WordPress: Don’t trust that update

Want to know the easiest way to hack most of the WordPress installs on a host? It’s as easy as attacking the host’s internal DNS server, then just sitting back and waiting on users to install your backdoor. If you can manage to change the IP address that “api.wordpress.org” resolves to, you’ve won the battle.

I can’t take credit for finding this, it was pointed out on Twitter:

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So this is nothing new – though I don’t think most users realize that this hole exists, or how hard it would be to find out that they’ve been attacked.

Internal networks rarely receive the same degree of scrutiny as public facing systems when it comes to updates and hardening, making an attack against an internal DNS server not just possible – but quite likely. Since HTTPS isn’t used to protect against MITM attacks, and the packages aren’t signed, so there’s no verification that what you downloaded matches what was released. So going after the DNS server is just one attack option.

Here’s a quick overview of just how it could happen:

  • Hacker signs up for an account with a large host
  • The attacker targets the internal DNS server and manages to redirect the API domain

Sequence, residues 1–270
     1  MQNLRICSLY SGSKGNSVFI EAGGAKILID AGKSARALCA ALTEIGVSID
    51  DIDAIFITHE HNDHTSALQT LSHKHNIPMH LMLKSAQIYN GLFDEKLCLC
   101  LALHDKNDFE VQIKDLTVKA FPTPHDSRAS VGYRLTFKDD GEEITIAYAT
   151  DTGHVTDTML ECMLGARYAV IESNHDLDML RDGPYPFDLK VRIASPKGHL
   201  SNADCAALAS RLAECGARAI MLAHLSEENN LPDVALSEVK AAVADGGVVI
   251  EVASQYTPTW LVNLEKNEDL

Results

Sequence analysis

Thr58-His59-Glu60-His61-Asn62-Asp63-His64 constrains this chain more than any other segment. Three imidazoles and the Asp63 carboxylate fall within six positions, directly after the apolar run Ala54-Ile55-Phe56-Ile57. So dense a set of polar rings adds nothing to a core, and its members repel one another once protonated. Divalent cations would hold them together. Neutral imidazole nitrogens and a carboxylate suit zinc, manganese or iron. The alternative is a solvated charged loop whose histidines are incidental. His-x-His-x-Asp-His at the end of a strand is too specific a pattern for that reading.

• The API domain now points to an altered update check that serves an infected update package
  • Users install updates with no idea that they aren’t original

It would be trivial to modify the WordPress update package to add a backdoor and modify the update check (wp-includes/update.php) to point to the attacker’s site – that way if the attack against the DNS server is fixed, compromised sites will remain compromised. This does assume that the host’s internal DNS server has some vulnerability – but in my experience that wouldn’t be surprising.

If the WordPress team started signing their updates, these issues would be gone; though it doesn’t look like that will happen:

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What makes this worse? Both the API and download domains already support HTTPS, but this doesn’t do any good if the application is hardcoded to use HTTP.